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Damsel in Distress, Needs 12v DC LED lighting help... Answered


I am converting a 20' shipping container into a cabin. I have an electrical panel that houses both
AC and DC. http://www.progressivedyn.com/all_in_one_pd4000.html
What I need to know is what gauge wire to use for the DC lights. (plugs will be AC)
I am using 12V DC lights:
I understand the basics  of wiring but need to know the type and gauge of the wire to use. The longest run of wire will be max 25 feet.
I believe I would use red and black wire as that is what is wired into the lights and transformers.



2 years ago

How many lights are you of the 12V DC lights are you putting in the cabin ?

Hello, thanks for your email.
I will have 8 LED puck lights 3w SMD5050
one 2w LED wall light
one 3w corn light pendant lamp
a lighted mirror with 4 2.5 corn LED light bulbs and
a 5M 50LEDs DC12 copper wire string light
to be exact!
I have had different opinions on what kind of wire to use.
I have been told 14/2 would work and also 18 gauge black and red.
If you could clarify that would be very helpful.

So the puck lights 12v version are 8x3 = 24W

A 12v wall light and corn light ........ 2+3 = 5W

Four mirror corn lights .............. 4x2.5 = 10W

Even though the 50LEDs are 12v they run off of an 110v adapter.


Worst case you have 39 Watts at 12 volts means 39/12 = 3.25 amperes

If you use 14/2 gauge two wire o.005 ohms per foot x 25' = o.125 ohms

Worst-Case Voltage drop o.125 x 3.25 = o.41 volts if everything is turned on at the end of your 25' wire. This Is Acceptable as the lights are distributed along the line and I assume the LEDs will rarely all be on at the same time.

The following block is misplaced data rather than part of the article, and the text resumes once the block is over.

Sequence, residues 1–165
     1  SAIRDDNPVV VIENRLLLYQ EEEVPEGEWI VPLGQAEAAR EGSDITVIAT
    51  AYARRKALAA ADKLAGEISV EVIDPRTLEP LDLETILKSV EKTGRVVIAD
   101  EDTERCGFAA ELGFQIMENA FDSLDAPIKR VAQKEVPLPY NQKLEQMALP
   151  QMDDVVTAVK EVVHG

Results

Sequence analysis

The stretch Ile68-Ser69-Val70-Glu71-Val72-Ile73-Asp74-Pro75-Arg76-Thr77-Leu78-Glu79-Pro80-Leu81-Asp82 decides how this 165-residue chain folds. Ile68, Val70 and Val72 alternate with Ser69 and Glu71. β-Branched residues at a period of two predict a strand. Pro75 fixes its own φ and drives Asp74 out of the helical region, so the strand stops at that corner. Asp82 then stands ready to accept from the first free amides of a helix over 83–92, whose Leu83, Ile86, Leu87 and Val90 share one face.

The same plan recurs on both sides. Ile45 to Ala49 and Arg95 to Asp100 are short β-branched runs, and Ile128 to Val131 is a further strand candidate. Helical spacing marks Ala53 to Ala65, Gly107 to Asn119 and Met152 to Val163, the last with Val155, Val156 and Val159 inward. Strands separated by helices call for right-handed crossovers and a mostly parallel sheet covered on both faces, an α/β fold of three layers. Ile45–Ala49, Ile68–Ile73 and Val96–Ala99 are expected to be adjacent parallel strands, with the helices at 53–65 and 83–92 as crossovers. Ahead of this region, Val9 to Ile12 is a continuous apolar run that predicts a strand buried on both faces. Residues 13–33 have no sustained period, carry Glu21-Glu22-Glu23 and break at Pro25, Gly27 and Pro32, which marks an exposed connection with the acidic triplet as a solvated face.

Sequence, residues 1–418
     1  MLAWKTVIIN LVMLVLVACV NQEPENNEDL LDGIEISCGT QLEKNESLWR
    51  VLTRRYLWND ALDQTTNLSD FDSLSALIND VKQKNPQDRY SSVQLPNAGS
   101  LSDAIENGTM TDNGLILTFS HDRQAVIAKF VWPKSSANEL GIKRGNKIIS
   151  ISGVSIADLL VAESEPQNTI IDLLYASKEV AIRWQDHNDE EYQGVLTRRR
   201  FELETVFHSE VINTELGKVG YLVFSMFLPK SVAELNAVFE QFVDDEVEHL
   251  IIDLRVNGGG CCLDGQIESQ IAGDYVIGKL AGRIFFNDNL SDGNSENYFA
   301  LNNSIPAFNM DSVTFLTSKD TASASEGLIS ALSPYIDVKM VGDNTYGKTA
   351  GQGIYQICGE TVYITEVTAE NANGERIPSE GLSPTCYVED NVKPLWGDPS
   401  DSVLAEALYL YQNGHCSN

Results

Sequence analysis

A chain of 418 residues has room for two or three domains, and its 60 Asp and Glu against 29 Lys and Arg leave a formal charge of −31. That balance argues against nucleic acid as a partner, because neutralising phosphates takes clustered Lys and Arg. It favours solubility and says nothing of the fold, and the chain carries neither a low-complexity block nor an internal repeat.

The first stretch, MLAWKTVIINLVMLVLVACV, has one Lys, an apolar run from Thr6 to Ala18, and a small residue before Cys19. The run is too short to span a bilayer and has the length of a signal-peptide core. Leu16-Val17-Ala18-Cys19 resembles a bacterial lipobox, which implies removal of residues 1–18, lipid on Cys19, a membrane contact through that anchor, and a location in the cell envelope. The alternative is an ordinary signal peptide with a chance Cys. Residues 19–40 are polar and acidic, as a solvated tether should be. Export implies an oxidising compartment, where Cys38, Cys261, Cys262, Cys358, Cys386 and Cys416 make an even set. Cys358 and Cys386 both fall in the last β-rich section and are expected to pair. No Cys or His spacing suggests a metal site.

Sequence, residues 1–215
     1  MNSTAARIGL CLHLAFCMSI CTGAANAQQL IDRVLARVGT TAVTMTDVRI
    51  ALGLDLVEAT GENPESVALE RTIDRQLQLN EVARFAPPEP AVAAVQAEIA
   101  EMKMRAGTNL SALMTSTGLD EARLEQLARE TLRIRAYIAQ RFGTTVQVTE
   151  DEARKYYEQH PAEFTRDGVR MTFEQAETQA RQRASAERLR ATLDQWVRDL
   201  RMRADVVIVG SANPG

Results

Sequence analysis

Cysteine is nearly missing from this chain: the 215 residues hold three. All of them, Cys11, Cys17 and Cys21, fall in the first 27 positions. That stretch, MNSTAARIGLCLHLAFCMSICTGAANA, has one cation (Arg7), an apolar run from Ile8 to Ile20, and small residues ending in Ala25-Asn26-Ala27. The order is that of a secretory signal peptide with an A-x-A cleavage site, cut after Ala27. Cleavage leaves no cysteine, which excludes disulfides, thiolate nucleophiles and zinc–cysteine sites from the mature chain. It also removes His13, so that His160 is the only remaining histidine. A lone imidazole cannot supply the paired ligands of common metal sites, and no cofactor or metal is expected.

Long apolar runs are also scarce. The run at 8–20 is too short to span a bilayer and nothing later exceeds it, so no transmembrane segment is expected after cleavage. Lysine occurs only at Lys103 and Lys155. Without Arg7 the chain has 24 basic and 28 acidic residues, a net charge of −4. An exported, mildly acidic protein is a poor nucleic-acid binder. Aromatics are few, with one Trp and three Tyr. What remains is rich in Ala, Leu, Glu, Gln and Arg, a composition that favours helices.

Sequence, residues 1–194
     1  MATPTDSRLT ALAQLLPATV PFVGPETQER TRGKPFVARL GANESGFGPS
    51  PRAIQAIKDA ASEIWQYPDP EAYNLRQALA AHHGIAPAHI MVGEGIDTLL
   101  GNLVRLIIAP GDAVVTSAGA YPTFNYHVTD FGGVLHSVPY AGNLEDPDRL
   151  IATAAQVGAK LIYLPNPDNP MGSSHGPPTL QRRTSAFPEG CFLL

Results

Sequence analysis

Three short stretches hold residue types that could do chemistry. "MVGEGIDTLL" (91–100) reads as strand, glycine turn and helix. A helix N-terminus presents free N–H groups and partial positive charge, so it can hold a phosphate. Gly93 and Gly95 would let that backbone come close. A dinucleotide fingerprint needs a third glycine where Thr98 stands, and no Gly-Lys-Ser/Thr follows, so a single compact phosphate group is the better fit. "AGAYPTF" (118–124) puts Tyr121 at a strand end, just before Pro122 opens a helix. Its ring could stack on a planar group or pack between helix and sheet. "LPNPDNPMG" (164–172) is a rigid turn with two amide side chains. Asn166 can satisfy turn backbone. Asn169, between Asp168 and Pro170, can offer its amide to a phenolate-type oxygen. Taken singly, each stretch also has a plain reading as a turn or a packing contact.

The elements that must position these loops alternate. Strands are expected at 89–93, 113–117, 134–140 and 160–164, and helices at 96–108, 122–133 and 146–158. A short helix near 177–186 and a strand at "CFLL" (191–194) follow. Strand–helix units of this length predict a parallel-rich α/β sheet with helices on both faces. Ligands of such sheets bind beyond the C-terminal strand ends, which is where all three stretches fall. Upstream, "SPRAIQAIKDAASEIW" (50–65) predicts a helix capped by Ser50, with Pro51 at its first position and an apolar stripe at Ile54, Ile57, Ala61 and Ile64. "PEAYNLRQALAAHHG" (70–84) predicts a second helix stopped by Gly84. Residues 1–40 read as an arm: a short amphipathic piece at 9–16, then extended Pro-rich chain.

Go for it with 14/2 :-)

BTW if you really wanted to pay for the heavy 12/2 wire you would only save o.15 volts worst case.


Thanks, I actually bought both 12/2 and 14/2 with the intention of doing 14/2 for the shorter runs and 12/2 for the the runs to the opposite side of the container. Then I started to get different opinions. If there is more than one way yo skin the cat, I will likely stay with my original plan as I already have the materials.

Thanks again

Good for you, ......... Anyway I saw the start of Romax cabling.

You may want to consider putting nail stops to avoid worry about putting a sheetrock nail through a wire :-)

Click the pic to see it all.


AWG wire sizes are confusing (to me) because they are based on a peculiar
kind of mathematical voodoo. For this reason, a table, like this one,


is helpful for turning AWG numbers into honest physical parameters, like diameter, and electrical resistance per unit length.

I think the
first step is the realization that long wires look like resistors
. For
example, a wire that goes 25 feet, then comes back the same distance,
has a total length of 50 feet. Supposing this wire is size 22 AWG, (per DU35m's suggestion) its
resistance per unit length, from the table linked above, is 16 milliohm
per foot, times 50 feet, equals 800 milliohm, or 0.8 ohm; i.e. R = 16
mohm/ft)*(50 ft) = 800 mohm = 0.8 ohm

Next, consider the
amount of current flowing through this long wire. I would guess LED
strip lights want maybe around 1 ampere. So the voltage drop across the
long wire is V = I*R = (1 ampere)*(0.8 ohm) = 0.8 volts.

reason you care about that voltage drop is because it is reducing the
voltage seen at the load, which, in this case, is now only 12.0 - 0.8 = 11.2 volts,
rather than the full 12.0.

So the game with long wires, is
basically to design them so they only eat a small fraction of the total
supply voltage, in this case 0.8 volts, out of 12.0.

Generally speaking, the other part of
the game is considering the actual heat (in watts) generated by the long
wire, I^2*R (eye-squared arrrr...), in this case (1A)*(1A)*(0.8 ohm) =